306. Memorandum From the President’s Special Assistant for National Security Affairs (Bundy) and James C. Thomson, Jr., of the National Security Council Staff to President Johnson1


  • Your meeting with Philippine Ambassador Ledesma, June 2, at 12:45 p.m.2

Ambassador Ledesma’s request for an appointment with you comes at a good time for a strong push by you to get Philippine Congressional approval of a 2,000-man Task Force of engineers for Vietnam.

The Ambassador will give you two letters from President Macapagal:3 one on sugar legislation (which you need only acknowledge, saying that we will give this matter study; Ledesma expects no discussion on sugar), the other a brief note of thanks for sending Ambassador Lodge to the Philippines.

The second letter provides the point of departure for a discussion of the Task Force.

Macapagal offered such a force during his State Visit last October. Since then, after prolonged negotiations, we have come close to our goal: We have worked out a covert U.S. financing arrangement (Note: Ambassador Ledesma does not know about this arrangement and should not know); and the Philippine House of Representatives has approved the proposal for the Task Force by a large majority.

Chief stumbling block now is the Philippine Senate, which is controlled by the Nacionalista Party, Macapagal’s opponents in a tough election year. Here we can achieve success only through bi-partisan support for the measure; yet the Nacionalista leadership is so far opposed. (Macapagal needs 13 votes and is sure of only 10.)

Ambassador Ledesma can help to provide a solution: he is not only a well-respected businessman and very pro-American; he is also a life-long member of the opposition Nacionalista Party. An appeal to him can [Page 675] therefore carry weight not only with Macapagal, but with his own party and its representatives in the Senate.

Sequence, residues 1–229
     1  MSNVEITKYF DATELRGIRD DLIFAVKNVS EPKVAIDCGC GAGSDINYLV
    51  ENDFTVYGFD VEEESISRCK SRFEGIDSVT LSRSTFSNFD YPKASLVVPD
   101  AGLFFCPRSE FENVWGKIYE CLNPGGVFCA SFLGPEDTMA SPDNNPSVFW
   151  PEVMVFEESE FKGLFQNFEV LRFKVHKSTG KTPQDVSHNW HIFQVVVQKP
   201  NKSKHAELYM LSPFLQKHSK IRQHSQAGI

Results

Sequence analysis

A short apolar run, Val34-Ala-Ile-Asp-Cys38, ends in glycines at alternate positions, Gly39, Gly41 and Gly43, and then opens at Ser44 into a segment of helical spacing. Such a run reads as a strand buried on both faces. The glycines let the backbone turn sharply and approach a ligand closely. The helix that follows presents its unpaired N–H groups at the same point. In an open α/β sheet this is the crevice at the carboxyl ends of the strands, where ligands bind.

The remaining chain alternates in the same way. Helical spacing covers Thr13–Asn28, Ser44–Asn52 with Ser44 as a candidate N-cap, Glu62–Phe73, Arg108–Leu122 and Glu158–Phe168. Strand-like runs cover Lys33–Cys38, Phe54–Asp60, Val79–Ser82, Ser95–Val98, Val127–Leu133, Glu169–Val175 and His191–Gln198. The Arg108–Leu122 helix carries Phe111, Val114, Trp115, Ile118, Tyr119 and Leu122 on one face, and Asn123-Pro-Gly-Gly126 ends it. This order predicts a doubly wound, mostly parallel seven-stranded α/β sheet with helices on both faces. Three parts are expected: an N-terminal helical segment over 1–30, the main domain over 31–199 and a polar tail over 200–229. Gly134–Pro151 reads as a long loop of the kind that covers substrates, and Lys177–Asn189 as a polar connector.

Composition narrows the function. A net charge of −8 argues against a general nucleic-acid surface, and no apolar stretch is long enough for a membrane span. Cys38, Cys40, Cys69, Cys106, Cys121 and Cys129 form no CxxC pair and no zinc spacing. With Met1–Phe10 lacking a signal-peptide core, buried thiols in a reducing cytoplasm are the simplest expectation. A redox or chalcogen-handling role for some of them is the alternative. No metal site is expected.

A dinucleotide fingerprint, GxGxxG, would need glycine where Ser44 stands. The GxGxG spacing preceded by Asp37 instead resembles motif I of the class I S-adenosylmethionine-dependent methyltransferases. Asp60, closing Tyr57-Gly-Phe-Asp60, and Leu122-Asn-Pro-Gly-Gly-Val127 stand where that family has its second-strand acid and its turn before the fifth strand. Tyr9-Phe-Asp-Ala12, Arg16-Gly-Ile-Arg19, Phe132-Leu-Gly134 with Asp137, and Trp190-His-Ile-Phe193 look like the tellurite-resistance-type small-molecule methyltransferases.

Talking Points

You recall with great warmth Macapagal’s support for our Vietnam policies last October and his statement that Filipinos, as Asians, could make an important military and psychological contribution in Vietnam. (We are grateful for the 73 Filipinos—in medical civic action and psychological warfare—already in Vietnam.)
You understand Macapagal’s desire for Congressional approval of the 2,000-man Task Force.
You can assure the Ambassador of our total determination to stay with the job in Vietnam; our determination has been demonstrated anew in our actions since January.
You are convinced that early dispatch of the Task Force would hearten the South Vietnamese people, convey a strong warning to the Communists, and disprove American critics who claim that our Vietnam policies lack Asian support.
You request that the Ambassador, both as Macapagal’s representative and as a respected member of the opposition party, use his influence with both parties in Manila in order to promote bi-partisan support for the Task Force. You understand the difficulties of an election year and a divided Congress; but the need for such a Task Force clearly transcends party rivalries in view of the challenge which confronts us all in Southeast Asia.
  1. Source: Johnson Library, National Security File, Country File, Philippines, Vol. II, Memos, 6/64–6/66, [1 of 2]. Secret.
  2. The President met Ledesma from 12:56 to 1:05 p.m. The meeting was “Off the Record.” (Ibid., President’s Daily Diary) The Department of State also sent the White House a briefing paper for this meeting. (Memorandum from Read to Bundy, May 31; National Archives and Records Administration, RG 59, Central Files 1964–66, POL 27–3 VIET)
  3. Dated May 13 and April 29, respectively. (Johnson Library, National Security File, Country File, Philippines, Macapagal Correspondence, 12/63–12/65)